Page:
I said, “You poor little kid.”

“My name is Jane. Who are you?”


“Jane, Evan. Evan, Jane.”

“You poor screwed-up little kid.”

“Round and round the mulberry bush to get a pail of water.”

I went over to the front of the tent and peered out through the flap. The two sentries remained on duty. Beyond them, I saw the tournament in progress. Pairs of warriors faced one another and crouched, ready for combat. Sam Bowman called out a signal and two of them rushed each other, making sudden movements, thrusting, parrying. Then one straightened up and stood erect while the other lay still in the dust. The winner took his place in line, others carried the loser off to the side, and Bowman signaled another pair of combatants to center stage.

Behind me, Jane went on babbling in rhyme. I hissed a volley of sibilant syllables at the sentries. They turned, and I crooked a finger to motion one of them inside. He came, voicing some question or other. I turned and pointed wordlessly at Jane. He looked at her, and while he was thus occupied I hit him as one hits rabbits, with a fist to the back of the neck. It couldn’t have worked very much better had he been a rabbit. He made a brief gurgling sound and then made no sound at all.

“Why did you hit the nice man, Evan? The black men are our friends. Daddy said we must be nice to the black men and teach them the word of the Lord. Uncle Bobby was a black man. Mommy taught Uncle Bobby the word of the Lord. Uncle Bobby was my friend. One day he showed me his-”

I hissed at the remaining sentry and went through the routine a second time. I pointed not at Jane but at the body of his fallen comrade, but with that exception it was an identical repeat performance. I was pretty good at hitting unsuspecting men in the back of the neck. Now I could try the same trick on Baby Jane Grey, and if I got high marks I could graduate to the next level, that of shooting fish in a barrel.

Why hit her? Why not just slip away and leave her? She was lost in childhood reverie, wrapped up in memories of what Uncle Bobby had shown her so long ago.

I went to her. She was reciting a poem, the words spilling from her lips in a childish singsong cadence. I found it as incomprehensible that I had recently bedded her as I did that she went around sacking missions and cutting people up. I said, “Jane,” and put a hand on her shoulder.

Her eyes met mine, her beautiful empty eyes, and I watched as her eyes changed. Jane turned off and Sheena turned on, and her eyes probed mine, and she saw me as she had not seen me before. “White devil!” she shrilled, and leaped at me, hands out, fingers curled like hooks, nails flashing in the candlelight.

I hauled off and hit her in the head.

I found Plum at the river’s edge. She was wrestling the long dugout canoes out into the water and sending them off downstream. This, we had determined, was the only way to render them hors de combat – chopping or burning through the thick sides and bottom would take forever, and they might float anyway. I gave Plum a hand, and we maneuvered them one at a time into the river and out of the picture.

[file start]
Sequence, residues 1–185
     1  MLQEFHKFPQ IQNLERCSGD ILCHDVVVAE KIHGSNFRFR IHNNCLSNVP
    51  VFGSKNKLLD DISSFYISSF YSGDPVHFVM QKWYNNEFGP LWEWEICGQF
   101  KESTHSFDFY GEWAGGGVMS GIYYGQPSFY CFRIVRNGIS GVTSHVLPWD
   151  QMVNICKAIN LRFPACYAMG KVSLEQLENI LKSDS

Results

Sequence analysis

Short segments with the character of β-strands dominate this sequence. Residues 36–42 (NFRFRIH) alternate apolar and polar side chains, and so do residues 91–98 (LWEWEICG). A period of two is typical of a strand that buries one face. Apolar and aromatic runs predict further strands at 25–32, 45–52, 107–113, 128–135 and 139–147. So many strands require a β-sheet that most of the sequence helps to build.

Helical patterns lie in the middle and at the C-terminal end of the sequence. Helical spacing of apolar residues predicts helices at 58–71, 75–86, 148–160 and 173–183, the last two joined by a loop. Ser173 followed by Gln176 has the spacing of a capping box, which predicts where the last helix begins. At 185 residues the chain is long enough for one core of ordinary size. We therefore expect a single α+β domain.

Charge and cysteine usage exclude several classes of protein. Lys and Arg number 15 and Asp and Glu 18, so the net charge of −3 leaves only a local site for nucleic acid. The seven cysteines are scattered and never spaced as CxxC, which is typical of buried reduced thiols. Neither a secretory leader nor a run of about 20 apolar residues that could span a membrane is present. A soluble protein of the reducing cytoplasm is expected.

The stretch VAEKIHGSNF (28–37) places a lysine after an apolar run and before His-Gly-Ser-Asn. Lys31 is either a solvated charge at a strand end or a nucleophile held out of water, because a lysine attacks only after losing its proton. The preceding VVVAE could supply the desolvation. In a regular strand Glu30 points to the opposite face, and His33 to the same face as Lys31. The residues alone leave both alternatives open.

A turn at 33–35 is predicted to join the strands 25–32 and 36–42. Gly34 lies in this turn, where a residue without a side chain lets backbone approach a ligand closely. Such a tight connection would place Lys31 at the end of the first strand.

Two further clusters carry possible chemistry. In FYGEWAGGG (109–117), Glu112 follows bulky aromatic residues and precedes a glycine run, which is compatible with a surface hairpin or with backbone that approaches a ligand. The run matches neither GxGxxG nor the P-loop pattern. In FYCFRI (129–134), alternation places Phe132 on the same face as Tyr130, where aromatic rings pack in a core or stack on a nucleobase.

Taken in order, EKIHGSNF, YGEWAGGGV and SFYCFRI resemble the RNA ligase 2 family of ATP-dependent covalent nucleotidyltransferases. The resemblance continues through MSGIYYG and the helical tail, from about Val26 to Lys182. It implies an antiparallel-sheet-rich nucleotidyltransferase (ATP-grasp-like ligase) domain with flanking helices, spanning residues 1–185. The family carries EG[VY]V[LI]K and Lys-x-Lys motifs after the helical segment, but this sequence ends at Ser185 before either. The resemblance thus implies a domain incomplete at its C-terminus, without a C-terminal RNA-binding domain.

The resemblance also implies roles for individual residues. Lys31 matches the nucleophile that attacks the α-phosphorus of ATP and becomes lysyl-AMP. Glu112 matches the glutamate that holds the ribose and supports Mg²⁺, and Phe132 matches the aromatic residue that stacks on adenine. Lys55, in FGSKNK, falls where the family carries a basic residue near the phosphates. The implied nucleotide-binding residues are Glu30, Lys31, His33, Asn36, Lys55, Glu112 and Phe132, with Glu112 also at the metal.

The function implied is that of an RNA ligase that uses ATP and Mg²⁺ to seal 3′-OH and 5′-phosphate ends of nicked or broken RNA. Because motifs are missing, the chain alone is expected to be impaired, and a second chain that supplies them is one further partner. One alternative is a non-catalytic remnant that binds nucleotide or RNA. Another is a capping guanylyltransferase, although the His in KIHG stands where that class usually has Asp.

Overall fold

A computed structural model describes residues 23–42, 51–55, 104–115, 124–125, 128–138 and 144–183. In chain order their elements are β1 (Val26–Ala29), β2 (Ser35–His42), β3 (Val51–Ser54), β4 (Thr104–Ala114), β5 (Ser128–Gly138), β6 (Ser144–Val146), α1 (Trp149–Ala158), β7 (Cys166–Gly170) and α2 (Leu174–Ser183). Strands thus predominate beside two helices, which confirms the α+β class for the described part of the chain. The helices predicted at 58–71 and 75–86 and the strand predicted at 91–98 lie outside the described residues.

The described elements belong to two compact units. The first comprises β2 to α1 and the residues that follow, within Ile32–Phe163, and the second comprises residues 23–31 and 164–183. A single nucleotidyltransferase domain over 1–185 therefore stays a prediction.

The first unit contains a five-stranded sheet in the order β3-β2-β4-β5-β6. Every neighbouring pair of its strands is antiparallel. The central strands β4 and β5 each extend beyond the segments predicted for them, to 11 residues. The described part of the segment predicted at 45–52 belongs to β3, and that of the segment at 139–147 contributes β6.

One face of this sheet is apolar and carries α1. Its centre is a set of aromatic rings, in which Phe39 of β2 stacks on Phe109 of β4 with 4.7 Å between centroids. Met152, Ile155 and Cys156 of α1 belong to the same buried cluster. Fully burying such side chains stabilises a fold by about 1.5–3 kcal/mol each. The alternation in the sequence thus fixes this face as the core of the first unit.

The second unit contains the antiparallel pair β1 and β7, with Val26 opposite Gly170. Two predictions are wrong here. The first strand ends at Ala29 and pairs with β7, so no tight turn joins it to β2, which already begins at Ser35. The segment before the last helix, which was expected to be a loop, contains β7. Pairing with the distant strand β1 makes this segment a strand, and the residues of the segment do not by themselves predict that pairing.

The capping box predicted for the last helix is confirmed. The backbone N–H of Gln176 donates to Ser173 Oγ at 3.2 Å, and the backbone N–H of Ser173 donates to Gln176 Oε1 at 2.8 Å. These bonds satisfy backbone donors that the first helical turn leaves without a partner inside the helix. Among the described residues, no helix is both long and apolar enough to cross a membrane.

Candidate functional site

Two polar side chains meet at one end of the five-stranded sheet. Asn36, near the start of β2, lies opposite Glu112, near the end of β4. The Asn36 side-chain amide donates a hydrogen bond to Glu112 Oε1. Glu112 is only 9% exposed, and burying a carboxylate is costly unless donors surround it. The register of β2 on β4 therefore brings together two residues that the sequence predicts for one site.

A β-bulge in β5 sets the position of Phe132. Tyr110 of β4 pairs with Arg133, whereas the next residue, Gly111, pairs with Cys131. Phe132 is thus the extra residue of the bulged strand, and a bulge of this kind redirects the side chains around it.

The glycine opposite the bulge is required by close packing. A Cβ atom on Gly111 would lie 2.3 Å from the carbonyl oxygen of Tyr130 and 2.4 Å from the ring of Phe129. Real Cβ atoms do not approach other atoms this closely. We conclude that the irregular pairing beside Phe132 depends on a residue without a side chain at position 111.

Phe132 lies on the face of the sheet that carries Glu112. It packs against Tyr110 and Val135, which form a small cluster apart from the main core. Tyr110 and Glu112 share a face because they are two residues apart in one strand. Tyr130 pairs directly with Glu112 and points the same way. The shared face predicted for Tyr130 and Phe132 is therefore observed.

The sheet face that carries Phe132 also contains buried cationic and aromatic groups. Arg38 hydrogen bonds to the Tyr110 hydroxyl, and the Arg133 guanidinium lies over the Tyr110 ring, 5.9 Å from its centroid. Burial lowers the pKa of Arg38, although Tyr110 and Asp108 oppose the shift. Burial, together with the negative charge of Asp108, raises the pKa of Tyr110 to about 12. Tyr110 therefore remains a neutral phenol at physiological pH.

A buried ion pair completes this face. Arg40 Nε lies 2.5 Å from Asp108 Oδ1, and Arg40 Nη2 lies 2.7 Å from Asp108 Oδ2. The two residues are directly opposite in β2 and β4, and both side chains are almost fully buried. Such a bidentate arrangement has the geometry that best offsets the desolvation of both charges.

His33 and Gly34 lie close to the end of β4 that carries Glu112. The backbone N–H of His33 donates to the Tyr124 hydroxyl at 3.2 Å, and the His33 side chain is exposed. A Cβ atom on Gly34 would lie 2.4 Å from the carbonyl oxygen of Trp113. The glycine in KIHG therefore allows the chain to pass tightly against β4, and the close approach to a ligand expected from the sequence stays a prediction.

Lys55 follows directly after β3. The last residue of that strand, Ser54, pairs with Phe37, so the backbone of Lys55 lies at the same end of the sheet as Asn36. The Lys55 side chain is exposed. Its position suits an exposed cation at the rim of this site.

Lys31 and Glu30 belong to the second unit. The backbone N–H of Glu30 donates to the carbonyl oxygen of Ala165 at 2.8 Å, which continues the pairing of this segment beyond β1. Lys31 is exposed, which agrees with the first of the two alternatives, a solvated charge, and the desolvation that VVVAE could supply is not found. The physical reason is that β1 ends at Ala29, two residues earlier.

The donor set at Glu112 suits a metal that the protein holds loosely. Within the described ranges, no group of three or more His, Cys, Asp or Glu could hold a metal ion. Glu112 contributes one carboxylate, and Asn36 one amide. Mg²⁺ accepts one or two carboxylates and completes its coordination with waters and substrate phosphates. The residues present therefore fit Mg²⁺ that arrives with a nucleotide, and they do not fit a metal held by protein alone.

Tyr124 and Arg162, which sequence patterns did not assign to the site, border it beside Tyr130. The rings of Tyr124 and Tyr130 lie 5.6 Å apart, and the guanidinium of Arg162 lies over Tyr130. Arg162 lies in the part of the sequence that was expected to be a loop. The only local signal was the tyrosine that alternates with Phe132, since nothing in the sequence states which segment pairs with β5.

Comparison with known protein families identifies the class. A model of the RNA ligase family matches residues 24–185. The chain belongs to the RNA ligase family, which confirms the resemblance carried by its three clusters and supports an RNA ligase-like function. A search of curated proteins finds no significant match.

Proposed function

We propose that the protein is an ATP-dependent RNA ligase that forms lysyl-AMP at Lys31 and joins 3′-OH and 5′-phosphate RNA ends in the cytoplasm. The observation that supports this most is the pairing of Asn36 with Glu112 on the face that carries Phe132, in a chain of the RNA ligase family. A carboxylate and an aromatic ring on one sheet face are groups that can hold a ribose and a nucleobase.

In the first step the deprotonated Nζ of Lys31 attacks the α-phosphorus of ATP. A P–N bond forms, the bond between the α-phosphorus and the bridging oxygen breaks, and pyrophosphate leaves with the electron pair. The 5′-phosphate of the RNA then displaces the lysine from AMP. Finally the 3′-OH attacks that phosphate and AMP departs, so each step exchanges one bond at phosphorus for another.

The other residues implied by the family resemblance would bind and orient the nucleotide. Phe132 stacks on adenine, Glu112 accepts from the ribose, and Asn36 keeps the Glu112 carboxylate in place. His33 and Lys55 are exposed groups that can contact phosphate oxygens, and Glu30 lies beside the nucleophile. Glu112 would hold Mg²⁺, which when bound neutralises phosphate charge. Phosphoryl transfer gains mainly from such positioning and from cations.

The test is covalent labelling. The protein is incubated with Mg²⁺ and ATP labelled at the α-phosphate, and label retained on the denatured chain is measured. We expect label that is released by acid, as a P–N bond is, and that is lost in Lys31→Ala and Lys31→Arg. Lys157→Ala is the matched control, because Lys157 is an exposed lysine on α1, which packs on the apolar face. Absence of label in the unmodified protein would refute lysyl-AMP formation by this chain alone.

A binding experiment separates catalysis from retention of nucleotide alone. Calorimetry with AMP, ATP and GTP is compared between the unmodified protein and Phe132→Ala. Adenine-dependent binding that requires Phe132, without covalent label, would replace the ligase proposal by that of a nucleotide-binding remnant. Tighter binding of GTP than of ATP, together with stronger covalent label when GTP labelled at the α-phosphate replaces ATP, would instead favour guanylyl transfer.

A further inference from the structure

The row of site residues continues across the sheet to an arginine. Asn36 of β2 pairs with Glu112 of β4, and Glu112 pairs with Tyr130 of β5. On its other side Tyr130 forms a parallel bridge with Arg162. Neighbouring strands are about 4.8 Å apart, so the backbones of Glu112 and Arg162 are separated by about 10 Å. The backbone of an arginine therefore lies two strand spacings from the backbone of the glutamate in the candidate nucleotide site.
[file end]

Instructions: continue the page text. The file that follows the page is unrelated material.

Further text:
“The first heat’s over,” I told her. “Half of the clowns have knocked the other half out. I got a close look at a couple of them, and I don’t think they’re pulling their punches. Some of the losers looked awfully dead.”

“And now?”

“Now the winners pair off and do it again. When they’ve lowered the number of survivors to three or four, Bowman’s going to finish them off himself. Of course they’ll be the three or four best of the bunch, which might make it tough for him. That’s the basic flaw.”

“He told me that he welcomes the chance to match himself against the best of them. That he fears no man.”

“Well, he’s got an ego big as all outdoors. If his devotion to Knanda Ndoro’s not an act, then the Retriever was the only man alive Bowman ever respected.”

“You do not like him.”

“Not too much, no.” He had bugged me during the planning session, and I was still recovering from it. “But I have to admit that I’m glad he’s on our side.”

“We could leave now, Evan.”

“Without him?”

She nodded. “We could take the last boat and just go. It would be easy for us. And he could get away by himself. I do not think he could catch us, not without a boat, and I do not think he would even try. Perhaps he would stay here with Sheena and her filthy killers. He was happy with them before. Perhaps it is the best life for him.”

“I guess you aren’t crazy about him, either.”

“He always puts his hands on me. And makes remarks about my color. He is really enthusiastic about my color. Are there no girls of mixed blood in America?”

“There are thousands of them.”

“Then why does he find me so exotic?”

“Consider it a tribute to your beauty.”

“I do not wish such tributes. I have not told you this before, but you look ridiculous with your skin darkened. And with that horrid paint on yourself.”

“You don’t look so splendid, either.”

“I do not feel splendid. Can we leave him, Evan? He causes me to feel dirty inside. Please?”

“No. No, we can’t.”

“I thought you would say that.”